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Breton Wrestling

Paul Sérusier1890 - 1891

Musée d’Orsay, Paris

Musée d’Orsay, Paris

Sérusier's meeting with Gauguin at Pont-Aven in 1888 proved to be a veritable revelation. Under Gauguin's guidance, Sérusier painted the famous Talisman, a small painting, also in the Musee d'Orsay, which quickly became the reference work for the Nabi group, of whom Sérusier was to be the main theorist.Gauguin's example was even stronger in Breton Wrestling.

Two children have come to grips before an attentive crowd, mostly women wearing traditional Breton coifs. The subject refers to two pictures painted by Gauguin in 1889 (Children Wrestling and The Vision after the Sermon) with which Sérusier was probably familiar. The artist often stayed in Brittany. At the time, the region was seen by the artists of the Pont Aven school as a conservatory of ancestral traditions, spared by industrial progress.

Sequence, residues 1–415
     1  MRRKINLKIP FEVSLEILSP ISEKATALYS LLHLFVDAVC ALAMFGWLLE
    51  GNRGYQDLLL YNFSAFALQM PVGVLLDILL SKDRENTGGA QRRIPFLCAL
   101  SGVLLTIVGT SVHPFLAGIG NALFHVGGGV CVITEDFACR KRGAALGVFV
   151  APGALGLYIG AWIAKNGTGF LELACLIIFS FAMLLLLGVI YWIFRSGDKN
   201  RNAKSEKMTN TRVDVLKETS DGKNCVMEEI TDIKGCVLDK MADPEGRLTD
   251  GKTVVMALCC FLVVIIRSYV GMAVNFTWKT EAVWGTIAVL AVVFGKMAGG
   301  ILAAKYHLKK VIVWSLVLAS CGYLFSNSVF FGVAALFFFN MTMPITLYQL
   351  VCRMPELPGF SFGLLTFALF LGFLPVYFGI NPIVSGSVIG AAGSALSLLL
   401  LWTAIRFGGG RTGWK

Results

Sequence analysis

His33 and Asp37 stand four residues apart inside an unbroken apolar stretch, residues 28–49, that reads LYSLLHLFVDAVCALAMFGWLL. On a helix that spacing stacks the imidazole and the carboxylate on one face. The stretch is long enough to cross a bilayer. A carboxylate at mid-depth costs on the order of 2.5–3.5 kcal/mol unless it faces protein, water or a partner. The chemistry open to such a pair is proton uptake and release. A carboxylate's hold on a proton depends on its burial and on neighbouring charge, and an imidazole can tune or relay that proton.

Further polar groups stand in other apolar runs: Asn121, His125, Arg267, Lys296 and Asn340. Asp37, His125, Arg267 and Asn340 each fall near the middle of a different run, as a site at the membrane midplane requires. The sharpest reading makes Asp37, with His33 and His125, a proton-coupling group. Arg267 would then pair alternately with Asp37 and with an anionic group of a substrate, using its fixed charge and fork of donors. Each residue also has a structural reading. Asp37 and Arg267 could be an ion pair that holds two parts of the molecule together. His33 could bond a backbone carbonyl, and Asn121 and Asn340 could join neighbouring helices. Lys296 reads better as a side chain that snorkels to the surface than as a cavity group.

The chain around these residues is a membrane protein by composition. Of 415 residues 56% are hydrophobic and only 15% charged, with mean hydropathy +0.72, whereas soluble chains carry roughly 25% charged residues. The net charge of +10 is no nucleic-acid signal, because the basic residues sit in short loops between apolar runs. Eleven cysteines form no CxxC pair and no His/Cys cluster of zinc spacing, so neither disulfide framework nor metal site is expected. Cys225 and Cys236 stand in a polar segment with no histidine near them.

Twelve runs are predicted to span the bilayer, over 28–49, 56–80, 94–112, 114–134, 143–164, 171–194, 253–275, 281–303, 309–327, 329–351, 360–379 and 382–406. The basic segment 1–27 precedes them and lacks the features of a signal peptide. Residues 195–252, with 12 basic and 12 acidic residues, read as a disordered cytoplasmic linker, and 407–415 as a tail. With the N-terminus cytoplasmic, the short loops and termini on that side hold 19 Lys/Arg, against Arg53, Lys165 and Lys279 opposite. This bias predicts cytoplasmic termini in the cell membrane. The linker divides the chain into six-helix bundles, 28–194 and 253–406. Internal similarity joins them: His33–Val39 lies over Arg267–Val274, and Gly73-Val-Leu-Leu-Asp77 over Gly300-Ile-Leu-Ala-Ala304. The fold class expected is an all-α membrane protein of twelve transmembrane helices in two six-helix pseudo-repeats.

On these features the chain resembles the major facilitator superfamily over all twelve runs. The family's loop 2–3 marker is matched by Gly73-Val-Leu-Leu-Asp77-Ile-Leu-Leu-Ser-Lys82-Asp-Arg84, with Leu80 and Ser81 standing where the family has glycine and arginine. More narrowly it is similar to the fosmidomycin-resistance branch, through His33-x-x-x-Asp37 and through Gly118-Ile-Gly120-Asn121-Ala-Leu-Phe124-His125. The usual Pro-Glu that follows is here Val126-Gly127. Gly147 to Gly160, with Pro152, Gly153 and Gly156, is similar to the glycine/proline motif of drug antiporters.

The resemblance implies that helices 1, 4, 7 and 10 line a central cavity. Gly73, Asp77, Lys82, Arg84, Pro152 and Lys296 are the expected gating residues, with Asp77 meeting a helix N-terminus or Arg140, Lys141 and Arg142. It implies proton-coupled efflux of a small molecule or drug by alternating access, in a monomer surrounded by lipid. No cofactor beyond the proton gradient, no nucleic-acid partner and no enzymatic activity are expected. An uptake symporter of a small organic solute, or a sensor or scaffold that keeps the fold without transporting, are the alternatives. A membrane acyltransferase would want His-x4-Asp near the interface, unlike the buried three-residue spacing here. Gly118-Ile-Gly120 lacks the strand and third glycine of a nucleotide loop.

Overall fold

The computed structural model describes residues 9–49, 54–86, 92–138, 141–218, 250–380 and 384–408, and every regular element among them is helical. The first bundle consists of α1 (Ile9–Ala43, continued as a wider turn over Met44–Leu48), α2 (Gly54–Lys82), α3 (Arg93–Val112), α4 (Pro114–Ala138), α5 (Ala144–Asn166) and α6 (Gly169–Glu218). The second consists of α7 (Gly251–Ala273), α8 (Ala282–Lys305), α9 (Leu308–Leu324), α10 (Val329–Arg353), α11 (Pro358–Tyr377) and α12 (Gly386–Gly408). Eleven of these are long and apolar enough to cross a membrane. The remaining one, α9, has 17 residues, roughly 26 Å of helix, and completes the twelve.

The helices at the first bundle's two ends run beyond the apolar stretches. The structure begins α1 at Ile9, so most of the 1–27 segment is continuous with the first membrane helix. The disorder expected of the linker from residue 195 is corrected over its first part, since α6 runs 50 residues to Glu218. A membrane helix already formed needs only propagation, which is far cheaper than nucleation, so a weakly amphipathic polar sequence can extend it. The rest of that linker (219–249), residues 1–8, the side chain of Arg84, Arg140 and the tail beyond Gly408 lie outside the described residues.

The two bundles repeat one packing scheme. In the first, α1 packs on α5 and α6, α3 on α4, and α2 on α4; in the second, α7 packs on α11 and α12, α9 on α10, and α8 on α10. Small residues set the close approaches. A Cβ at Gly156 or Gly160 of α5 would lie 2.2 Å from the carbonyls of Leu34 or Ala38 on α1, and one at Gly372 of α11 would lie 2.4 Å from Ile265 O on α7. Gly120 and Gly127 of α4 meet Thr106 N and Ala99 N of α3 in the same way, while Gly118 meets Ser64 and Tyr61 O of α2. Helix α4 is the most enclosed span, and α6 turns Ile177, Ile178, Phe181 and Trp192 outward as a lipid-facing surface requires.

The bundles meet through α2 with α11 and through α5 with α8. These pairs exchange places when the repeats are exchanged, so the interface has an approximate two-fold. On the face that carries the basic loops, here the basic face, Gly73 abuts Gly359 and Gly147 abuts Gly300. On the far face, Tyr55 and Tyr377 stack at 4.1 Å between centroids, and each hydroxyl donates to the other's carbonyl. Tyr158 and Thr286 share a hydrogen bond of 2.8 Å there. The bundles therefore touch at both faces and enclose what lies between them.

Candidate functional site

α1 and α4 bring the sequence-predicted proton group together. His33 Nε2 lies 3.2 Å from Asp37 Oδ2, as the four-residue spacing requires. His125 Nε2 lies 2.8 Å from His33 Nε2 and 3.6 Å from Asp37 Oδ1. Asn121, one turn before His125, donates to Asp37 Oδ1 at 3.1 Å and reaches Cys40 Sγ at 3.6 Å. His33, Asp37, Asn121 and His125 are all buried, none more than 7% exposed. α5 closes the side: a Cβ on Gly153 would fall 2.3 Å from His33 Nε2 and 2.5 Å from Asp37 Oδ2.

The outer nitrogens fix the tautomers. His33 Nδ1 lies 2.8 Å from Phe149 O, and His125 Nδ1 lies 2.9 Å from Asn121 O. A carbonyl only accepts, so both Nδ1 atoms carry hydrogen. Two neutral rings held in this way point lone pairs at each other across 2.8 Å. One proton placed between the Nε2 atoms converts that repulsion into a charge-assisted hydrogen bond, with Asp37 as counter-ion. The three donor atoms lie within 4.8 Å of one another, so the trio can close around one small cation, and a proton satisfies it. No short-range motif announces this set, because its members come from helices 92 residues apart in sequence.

Sérusier has depicted the "gouren", traditional Breton wrestling. He has done his utmost to give his painting a naive, archaic feeling: a flat space with no perspective and schematic, almost caricatured figures. The bright, vigorously enclosed areas of colour allude to popular art and the Japanese prints that Sérusier so admired.

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